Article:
THE PALESTINIAN DELEGATION OPENING STATEMENT TO THE MULTILATERAL TALKS

MOSCOW
JANUARY 28, 1992

To our gracious host, the government of the Republic of Russia.

The Palestinian delegation is here in Moscow to participate in this phase of the peace process as a people with a totality of identity and rights. In this emerging era of the affirmation of principles human rights, democracy, international legality and empowerment through cooperation and reconciliation within a universal vision of interpendence [sic] and joint development we claim a place for ourselves among the community of nations. On the basis of these principles, we aim to exercise our right to freedom, self-determination and statehood. From occupied Jerusalem, the heart and capital of Palestine, we bring a message of peace and affection to historic Moscow, the heart and capital of Russia, in a shared authentication of culture and identity. From the Palestinian to the Russian people, we convey a message of good will and friendship. To the co-sponsors and organizers, we convey our appreciation.

Distinguished ministers and colleagues;

The people of Palestine are striving to maintain the integrity of the peace process and to generate a dynamic for peace which can become self-perpetuating, driven by a lucid and compelling vision of peace and an unwavering commitment to justice. The Palestine Liberation Organization, in its historic peace initiative of November 1988, has charted a new course for the genuine and peaceful resolution of the Palestinian-Israeli (hence Arab-Israeli) conflict. It has constantly supported and advanced the cause of genuine peace based on international legitimacy and justice. Our participation in these multilateral negotiations is the direct outcome of its constructive efforts and resolve.

The Palestinian delegation to Moscow is truly representative and comprehensive, for it encompasses all of the occupied Palestinian land, including Jerusalem, as well as representation from the two-thirds of the Palestinian people in exile. Such representation is essential to the purposes of these multilateral negotiations which seek to address issues of regional import, permanent status proposals and concerns pertinent to the Palestinian people as a whole.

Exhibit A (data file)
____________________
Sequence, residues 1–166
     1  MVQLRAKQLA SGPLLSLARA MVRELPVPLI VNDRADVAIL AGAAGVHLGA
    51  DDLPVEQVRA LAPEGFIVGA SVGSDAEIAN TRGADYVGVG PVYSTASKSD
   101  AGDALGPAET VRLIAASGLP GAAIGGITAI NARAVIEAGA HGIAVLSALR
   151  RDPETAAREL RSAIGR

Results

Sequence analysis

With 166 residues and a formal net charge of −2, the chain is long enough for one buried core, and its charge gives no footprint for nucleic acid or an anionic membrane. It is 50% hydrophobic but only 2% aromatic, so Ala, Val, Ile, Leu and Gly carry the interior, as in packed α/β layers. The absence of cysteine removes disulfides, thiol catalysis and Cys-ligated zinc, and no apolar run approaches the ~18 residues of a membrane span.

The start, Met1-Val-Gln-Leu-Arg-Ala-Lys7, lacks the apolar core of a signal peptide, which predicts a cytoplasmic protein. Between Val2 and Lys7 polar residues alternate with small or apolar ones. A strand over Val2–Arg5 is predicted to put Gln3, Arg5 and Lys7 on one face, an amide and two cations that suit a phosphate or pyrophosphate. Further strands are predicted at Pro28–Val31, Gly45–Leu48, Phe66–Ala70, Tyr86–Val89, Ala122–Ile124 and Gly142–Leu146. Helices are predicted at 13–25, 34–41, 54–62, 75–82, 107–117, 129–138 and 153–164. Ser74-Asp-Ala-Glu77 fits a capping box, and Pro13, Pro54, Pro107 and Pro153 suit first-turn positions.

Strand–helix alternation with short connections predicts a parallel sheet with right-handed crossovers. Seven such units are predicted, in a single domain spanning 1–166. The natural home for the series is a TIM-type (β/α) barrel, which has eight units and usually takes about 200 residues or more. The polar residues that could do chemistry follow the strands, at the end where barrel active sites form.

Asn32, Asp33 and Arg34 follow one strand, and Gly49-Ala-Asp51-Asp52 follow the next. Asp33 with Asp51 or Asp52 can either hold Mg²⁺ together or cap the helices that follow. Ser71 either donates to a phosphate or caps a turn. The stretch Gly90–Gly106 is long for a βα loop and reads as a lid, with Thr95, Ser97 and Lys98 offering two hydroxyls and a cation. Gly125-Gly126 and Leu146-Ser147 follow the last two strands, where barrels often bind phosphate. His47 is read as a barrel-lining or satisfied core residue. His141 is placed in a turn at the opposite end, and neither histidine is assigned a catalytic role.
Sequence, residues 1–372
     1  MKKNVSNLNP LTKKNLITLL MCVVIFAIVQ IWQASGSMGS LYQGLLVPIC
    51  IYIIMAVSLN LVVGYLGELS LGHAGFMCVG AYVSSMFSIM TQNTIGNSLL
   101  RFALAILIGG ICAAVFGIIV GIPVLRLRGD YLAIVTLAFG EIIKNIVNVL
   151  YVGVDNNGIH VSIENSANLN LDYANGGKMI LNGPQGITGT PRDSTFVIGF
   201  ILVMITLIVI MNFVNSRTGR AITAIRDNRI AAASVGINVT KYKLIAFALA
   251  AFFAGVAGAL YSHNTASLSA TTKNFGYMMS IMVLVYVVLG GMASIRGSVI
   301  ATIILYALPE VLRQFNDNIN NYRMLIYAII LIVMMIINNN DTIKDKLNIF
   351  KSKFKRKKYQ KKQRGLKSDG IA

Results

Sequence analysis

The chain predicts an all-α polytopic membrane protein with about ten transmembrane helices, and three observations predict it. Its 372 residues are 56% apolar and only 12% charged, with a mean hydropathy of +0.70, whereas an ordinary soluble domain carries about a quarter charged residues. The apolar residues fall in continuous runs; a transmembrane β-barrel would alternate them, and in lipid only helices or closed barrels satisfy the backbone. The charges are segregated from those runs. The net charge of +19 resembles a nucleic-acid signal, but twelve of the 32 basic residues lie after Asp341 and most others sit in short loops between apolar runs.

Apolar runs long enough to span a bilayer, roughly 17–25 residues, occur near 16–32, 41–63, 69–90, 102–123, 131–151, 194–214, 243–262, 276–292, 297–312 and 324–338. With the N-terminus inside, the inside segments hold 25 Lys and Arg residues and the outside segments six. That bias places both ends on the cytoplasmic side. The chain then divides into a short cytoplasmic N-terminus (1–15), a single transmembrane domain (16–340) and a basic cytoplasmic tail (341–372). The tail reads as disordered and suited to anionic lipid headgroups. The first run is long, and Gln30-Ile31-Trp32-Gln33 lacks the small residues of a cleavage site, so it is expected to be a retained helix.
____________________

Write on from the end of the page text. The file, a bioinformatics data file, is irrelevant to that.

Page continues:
In Madrid, we stood before the world and offered a positive vision of the future based on mutuality, reciprocity and equality between the Palestinian and Israeli peoples. We maintain this vision and we believe these principles are the basis of a new and better order in the Middle East.

Yet, between Madrid and Moscow falls a shadow which casts darkness on this assembly of nations in search of peace, prosperity, human dignity, and the wholeness of nature.

The skies over occupied Palestine are overcast and the Palestinian people are held captive, a collective hostage to Israeli political dictates and manipulation, and a human shield before the politics of dominance and aggression. Israel has voraciously devoured more of our land and water, encroaching on East Jerusalem, and evicting Palestinian families of Silwan from East Jerusalem, and evicting Palestinian families of Silwan from their homes. Peace itself is under siege. Our people’s intifada continues to present the challenge of the human will in its struggle for authenticity and human assertion in the face of brute force and state violence. it is the essence of a pledge of peace and dignity.